Yet I have no clue on what Marschak and Friedman thought of each other, nor on their interaction during department meetings. Nor do I know more largely how many Cowles economists taught at the department, whether they had any decision power on the repartition of funds, the evolution of curicula, the recruting policy. I don’t know what the status of Cowles PhD students was, whether they had to attend the graduate courses proposed by the department. I know little on the theoretical and epistemological battles that took place in the corridors of the Eleven Twenty Six building and nothing of the institutional fights of the forties and fifties. Yet, tensions were strong enough for Arrow to state in later recollections that “Cowles was kind of a persecuted sect. The mathematical and quantitative emphasis was exceptional and distrusted.”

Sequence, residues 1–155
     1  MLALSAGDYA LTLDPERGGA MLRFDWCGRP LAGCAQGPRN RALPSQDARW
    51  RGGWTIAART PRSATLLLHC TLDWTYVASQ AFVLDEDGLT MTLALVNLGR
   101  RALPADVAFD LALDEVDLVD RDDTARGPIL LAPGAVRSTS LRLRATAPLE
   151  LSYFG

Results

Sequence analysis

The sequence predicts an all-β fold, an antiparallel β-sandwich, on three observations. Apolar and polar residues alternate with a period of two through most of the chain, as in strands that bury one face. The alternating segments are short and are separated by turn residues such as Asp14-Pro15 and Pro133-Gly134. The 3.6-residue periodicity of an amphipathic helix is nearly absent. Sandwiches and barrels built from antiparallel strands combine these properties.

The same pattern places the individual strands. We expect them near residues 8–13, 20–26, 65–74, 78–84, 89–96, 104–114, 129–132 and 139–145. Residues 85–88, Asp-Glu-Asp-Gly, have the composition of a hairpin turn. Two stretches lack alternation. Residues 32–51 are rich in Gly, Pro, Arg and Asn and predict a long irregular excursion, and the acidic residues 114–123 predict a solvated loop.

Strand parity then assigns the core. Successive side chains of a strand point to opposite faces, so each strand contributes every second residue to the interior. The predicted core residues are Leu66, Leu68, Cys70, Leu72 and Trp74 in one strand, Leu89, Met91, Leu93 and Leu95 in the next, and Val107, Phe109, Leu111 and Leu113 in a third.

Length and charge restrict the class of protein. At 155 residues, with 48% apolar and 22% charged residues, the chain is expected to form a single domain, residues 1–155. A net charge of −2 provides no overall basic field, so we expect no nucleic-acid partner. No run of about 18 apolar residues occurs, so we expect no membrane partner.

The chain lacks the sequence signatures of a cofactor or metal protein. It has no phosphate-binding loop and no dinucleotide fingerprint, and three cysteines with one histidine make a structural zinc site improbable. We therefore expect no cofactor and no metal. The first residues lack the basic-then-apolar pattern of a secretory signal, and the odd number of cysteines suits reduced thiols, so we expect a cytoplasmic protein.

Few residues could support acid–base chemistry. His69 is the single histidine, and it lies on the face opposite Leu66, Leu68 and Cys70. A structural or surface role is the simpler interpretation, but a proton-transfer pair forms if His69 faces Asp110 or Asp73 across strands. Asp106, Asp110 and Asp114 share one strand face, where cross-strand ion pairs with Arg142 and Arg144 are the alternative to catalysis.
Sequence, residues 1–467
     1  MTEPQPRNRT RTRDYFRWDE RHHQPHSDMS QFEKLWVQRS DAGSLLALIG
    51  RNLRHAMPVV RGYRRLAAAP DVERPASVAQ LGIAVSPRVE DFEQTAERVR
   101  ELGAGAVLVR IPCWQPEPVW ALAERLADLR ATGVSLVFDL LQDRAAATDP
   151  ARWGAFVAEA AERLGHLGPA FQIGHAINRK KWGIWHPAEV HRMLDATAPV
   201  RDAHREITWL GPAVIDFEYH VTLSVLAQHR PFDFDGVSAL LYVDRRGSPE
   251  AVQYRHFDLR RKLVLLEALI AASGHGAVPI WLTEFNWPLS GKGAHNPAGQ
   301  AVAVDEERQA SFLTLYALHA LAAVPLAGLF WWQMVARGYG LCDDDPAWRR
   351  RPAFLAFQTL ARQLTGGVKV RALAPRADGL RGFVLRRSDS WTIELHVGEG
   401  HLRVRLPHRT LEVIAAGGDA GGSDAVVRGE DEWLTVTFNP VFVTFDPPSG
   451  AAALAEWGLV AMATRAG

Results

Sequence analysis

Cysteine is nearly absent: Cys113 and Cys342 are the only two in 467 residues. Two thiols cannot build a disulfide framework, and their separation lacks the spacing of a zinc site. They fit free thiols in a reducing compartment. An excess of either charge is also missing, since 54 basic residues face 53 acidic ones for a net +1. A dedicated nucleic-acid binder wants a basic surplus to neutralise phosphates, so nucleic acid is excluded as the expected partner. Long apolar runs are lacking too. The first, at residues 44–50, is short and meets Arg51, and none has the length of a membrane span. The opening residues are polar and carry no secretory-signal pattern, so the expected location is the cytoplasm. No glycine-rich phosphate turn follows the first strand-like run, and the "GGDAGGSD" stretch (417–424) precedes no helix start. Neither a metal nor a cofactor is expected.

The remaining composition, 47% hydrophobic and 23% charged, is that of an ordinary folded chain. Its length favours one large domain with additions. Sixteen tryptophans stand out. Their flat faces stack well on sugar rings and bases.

To be exhaustive, furthermore, an analysis of economics at Chicago in the poswtar era should also consider the relationships with other bodies, such as the Law School where Aaron Director was heading the Free Market study, the Committee on Social Thought, of which Hayek became a member in 1950, and the Graduate School of Business and Administration. Finally, the coexistence of Cowles and the department of economics at Chicago meant that two of the biggest journals in the profession were administered within the same building: the Journal of Political Economy and Econometrica, to which both department and Cowles economists contributed. How did they chose to submitt to one journal rather than the other, were the editorial lines biased in favour of such and such subject or technique? A huge number of theoretical advances, empirical studies, and tools of methods were produced at Chicago in the forties and early fifties. As long as we overlook one key element of the intellectual climate pervasive in that place in these years, we will fall short of a comprehensive understanding of these contributions.